Before you arrive, you'll want to make a hotel or AirBnB reservation. We've stayed in both with great success and there are a ton of options throughout the city. As a tourist, I recommend staying in the Sultanahmet part of Istanbul because that puts you within walking distance of the major tourist spots, like the Hagia Sofia and the Blue Mosque. Taksim is also a really cool part of town with tons of restaurants and bars and isn't quite as touristy as Sultanahmet. The drawback is that it's a little bit farther away from the tourist spots. Istanbul has a great metro system and it's easy to use, so it's really all about personal preference.
Also, just as a note, you'll want to fly into Ataturk airport. There are two airports in Istanbul, but it takes about three hours to get from the other one (Sabiha Gokcen) to the tourist spots, so just say no to that.
Coming from the United States, you'll get in around dinner time, which doesn't leave a ton of time for sight seeing. I also find the flight exhausting and the thought of doing a ton of sight seeing after a ten hour flight is not appealing to me. In both the Taksim and the Sultanahmet sections of Istanbul, there are a ton of restaurants and places to eat. We've been to what is ranked as number one on TripAdvisor and it was delicious. Wherever you go, get something traditionally Turkish. Start off with some mezzes (appetizers) and maybe some fasulye (soup) followed by a main course (I recommend Testi Kebabi, which is lamb cooked in a clay pot! Nomz!) and finished off with some Baklava. Maybe it's because I'm writing this at dinner time or maybe it's just that it's all so good, but I am now craving ALL THE TURKISH FOOD. End your night with a cup of tea before heading to bed. It's a very Turkish thing to do.
Today's the big day!! There is lots to see and not a lot of time to see it. I recommend getting up early and finding a restaurant that has a big Turkish breakfast. Mike isn't a fan, so we don't do it that often, but I think it's an experience in itself. Cheese, bread, honey, tomatoes, cucumbers, and tea! All so delicious!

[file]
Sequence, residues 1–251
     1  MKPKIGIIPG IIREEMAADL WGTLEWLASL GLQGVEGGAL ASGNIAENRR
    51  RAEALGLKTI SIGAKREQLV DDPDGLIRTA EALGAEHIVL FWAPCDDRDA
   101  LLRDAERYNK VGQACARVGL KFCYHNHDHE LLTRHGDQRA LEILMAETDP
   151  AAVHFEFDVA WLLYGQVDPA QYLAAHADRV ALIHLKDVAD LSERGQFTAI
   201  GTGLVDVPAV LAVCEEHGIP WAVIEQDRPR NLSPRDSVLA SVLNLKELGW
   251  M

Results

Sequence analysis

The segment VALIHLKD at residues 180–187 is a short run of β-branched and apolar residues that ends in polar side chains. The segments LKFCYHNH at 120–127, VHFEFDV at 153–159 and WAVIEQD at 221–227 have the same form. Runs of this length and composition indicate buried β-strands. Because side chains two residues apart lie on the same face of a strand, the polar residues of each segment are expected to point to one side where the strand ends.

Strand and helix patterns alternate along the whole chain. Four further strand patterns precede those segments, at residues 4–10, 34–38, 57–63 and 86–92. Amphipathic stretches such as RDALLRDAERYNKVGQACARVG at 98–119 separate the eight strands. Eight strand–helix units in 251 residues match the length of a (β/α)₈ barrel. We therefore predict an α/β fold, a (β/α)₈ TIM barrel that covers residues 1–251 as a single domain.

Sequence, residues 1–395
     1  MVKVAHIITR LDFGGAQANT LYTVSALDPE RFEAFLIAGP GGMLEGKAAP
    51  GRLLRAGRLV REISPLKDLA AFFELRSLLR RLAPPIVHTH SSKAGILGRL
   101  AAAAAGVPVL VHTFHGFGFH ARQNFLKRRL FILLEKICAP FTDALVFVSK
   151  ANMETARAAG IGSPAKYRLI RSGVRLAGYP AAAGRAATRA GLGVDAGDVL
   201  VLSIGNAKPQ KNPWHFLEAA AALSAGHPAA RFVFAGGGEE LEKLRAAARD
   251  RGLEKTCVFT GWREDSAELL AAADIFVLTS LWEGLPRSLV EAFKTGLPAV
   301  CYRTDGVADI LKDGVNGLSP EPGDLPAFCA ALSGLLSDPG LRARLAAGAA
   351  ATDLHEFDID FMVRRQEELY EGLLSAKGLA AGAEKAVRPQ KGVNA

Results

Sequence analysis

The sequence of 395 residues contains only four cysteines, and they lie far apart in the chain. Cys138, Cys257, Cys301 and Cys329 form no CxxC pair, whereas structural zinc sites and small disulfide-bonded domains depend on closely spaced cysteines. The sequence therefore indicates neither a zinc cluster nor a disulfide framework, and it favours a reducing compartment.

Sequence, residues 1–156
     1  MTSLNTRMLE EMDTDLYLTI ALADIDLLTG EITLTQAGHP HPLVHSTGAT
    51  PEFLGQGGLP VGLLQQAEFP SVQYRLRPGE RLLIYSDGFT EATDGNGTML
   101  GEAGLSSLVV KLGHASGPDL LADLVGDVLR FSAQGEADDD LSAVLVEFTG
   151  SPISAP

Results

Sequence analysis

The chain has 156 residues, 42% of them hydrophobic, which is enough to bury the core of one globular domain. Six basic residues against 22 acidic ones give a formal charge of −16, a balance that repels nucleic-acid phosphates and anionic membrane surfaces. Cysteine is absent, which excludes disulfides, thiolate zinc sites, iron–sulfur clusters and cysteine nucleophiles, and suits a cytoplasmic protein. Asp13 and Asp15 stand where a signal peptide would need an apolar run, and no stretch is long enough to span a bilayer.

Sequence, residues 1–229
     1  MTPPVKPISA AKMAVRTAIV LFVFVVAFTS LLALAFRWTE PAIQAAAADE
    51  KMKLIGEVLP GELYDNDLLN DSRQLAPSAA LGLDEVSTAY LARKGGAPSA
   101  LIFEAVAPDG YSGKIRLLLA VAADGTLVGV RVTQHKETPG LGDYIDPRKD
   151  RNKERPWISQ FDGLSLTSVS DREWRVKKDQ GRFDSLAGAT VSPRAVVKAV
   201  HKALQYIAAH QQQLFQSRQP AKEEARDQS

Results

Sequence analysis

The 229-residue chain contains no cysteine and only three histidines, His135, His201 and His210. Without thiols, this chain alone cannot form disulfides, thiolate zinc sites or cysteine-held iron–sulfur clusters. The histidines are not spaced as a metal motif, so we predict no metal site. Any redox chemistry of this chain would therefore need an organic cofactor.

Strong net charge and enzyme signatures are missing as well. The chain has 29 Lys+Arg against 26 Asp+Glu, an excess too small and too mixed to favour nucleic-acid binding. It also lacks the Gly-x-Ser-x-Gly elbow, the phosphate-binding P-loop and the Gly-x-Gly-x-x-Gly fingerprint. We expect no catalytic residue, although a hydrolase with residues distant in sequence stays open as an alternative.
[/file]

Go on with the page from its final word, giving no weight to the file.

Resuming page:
After breakfast, it's time to start sightseeing. In the Sultanahmet area, the major sights are the Topkapi Palace, theBlue Mosque and the Hagia Sofia. It's best to get to Topkapi Palace early because the lines there can be longer than the lines at Disney World. I wish I was kidding... Topkapi is the Turkish version of Versaille and definitely worth it. Plus, the views of the city are pretty awesome.
After Topkapi, head to the Blue Mosque and Hagia Sofia. The Blue Mosque is beautiful, but make sure you are wearing something that will cover your shoulders and your knees. Also, women will need a scarf to cover their head. They'll give you stuff to wear if you aren't covered, but I just feel weird about that. It's better to bring your own stuff. Hagia Sofia will be crowded and it's currently being restored, but I think that, if you can look past the people and the restoration, there is some true beauty there. Make sure to go up to the second level. We didn't realize there was an upstairs the first time we went and truly missed out.